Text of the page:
This post is part of the Reading Writers of Color challenge hosted by Lonely Cryptid Media’s staff writer and editor, Dan Michael Fielding.
The Global South is a term for those countries and regions that have been actively underdeveloped by the forces of colonialism from the Global North. The term generally includes Latin America, Asia, Africa, and Oceania, with some exceptions.
The term “Global South” arose as a more accurate descriptor than terms like “developing nations” or “third world,” which ignored these countries’ vital and exploited role in global economies.
As a concept, “Global South” allows us to notice the ways that certain countries have shared histories despite their very different geographical locations, in part because of how colonialism shaped the emergence of these countries. It allows us to see how a person living in Mexico may have a lot in common with a person living in Fiji or in South Africa. Although cultures and histories differ, their position on the world stage is shaped by contexts of colonialism and racism. As Anne Garland Mahler explains, “in recent years…the Global South is employed in a post-national sense to address spaces and peoples negatively impacted by contemporary capitalist globalization.”
For the reading challenge for April I encourage you to read a book by an author of color from the Global South. This is a huge region with a lot of land, countries, languages, and literature to cover, so there is sure to be something for everyone! The prompt for this month also allows for reading migrant authors, so don’t feel limited only to authors currently living in the Global South.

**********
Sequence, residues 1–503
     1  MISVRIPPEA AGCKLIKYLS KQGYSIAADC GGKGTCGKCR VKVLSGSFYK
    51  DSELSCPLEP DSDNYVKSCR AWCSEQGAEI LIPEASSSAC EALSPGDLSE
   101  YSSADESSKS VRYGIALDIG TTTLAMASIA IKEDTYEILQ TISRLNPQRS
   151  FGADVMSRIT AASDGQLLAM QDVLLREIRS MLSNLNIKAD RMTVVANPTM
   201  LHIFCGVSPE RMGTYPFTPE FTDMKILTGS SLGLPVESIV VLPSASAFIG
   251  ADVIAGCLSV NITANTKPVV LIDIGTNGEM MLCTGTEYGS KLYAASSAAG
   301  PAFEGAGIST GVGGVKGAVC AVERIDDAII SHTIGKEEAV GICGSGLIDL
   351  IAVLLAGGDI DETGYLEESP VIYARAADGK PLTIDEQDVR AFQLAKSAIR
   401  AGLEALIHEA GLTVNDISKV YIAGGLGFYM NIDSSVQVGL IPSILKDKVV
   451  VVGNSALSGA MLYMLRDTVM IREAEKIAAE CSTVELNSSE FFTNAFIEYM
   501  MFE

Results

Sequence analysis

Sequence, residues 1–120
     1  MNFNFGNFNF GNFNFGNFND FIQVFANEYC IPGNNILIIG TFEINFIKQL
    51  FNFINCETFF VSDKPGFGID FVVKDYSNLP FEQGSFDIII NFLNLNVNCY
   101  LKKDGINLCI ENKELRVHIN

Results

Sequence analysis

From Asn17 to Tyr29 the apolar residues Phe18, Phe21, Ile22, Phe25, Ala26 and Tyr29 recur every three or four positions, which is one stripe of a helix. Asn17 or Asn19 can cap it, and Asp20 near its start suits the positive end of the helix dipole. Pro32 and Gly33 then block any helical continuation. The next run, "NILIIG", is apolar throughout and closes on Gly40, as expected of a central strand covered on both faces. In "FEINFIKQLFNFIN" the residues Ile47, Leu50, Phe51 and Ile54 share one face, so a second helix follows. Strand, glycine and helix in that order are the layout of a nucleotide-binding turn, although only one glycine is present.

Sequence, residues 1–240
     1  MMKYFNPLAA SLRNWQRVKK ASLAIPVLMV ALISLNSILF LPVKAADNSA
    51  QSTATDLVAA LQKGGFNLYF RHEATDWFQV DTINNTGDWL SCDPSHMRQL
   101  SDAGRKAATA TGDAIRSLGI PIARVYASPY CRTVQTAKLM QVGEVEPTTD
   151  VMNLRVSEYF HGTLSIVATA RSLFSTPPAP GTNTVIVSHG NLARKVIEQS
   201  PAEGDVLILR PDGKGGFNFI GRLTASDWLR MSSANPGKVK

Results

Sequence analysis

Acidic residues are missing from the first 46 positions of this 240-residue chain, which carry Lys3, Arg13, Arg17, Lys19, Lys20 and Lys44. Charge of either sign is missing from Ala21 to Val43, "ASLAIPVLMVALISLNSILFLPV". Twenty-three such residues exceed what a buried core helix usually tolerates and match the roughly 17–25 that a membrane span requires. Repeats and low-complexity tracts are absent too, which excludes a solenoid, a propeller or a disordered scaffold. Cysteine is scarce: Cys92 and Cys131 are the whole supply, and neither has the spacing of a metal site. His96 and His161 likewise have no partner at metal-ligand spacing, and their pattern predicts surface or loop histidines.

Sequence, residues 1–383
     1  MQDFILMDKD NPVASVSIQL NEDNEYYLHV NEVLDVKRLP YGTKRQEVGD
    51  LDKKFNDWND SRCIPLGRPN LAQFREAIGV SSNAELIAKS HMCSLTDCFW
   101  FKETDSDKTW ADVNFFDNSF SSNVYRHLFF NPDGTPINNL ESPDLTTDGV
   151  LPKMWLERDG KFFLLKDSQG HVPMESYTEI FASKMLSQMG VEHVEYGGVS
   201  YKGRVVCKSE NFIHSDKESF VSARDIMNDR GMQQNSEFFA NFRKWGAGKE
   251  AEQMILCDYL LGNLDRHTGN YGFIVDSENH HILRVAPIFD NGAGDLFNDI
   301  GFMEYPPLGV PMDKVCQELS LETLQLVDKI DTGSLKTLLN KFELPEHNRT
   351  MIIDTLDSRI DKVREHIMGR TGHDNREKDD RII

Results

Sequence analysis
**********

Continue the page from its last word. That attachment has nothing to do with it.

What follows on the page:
To help you choose a book for the challenge, here are six books from Global South authors. You should feel open to reading authors outside of this list, of course! Let us know what you’re reading in the comments below.
Where the Air is Clear by Carlos Fuentes
The first novel published by Carlos Fuentes in 1958, Where the Air is Clear was an instant classic that allowed Fuentes to become a full time author. It explores the lives of the upper class in Mexico City through the story of Federico Robles and a series of Mexico City vignettes. Robles was once a revolutionary who abandoned the path to become a financier. Fuentes published dozens of books and short stories, including the first novel by a Mexican author to become a U.S. bestseller The Old Gringo, before his death in 2012.
The Daughter of Doctor Moreau by Silvia Moreno-Garcia
For a more contemporary spin on Mexican literature, The Daughter of Doctor Moreau is a fantastic pick. Silvia Moreno-Garcia describes herself as “Mexican by birth, Canadian by inclination” and has written several critically acclaimed books. Her newest book is part horror, part science fiction, part historical fiction, and part thriller, and follows the life of the fictional daughter of Dr. Moreau, Carlota Moreau, and her experience as her stagnant life is upset by the arrival of the charming Eduardo Lizalde.
Leila by Prayaag Akbar
Akbar’s Leila has received positive reviews since it’s publication and was even shortlisted for the Hindu Literary Prize. The story follows Shalini, once a wealthy woman who has now been pushed to the margins of society in a dystopic future city. Shalini’s only goal is to find the daughter she lost sixteen years ago: Leila. The story explores faith, loss, and longing amidst the political turmoil of privilege and inequality.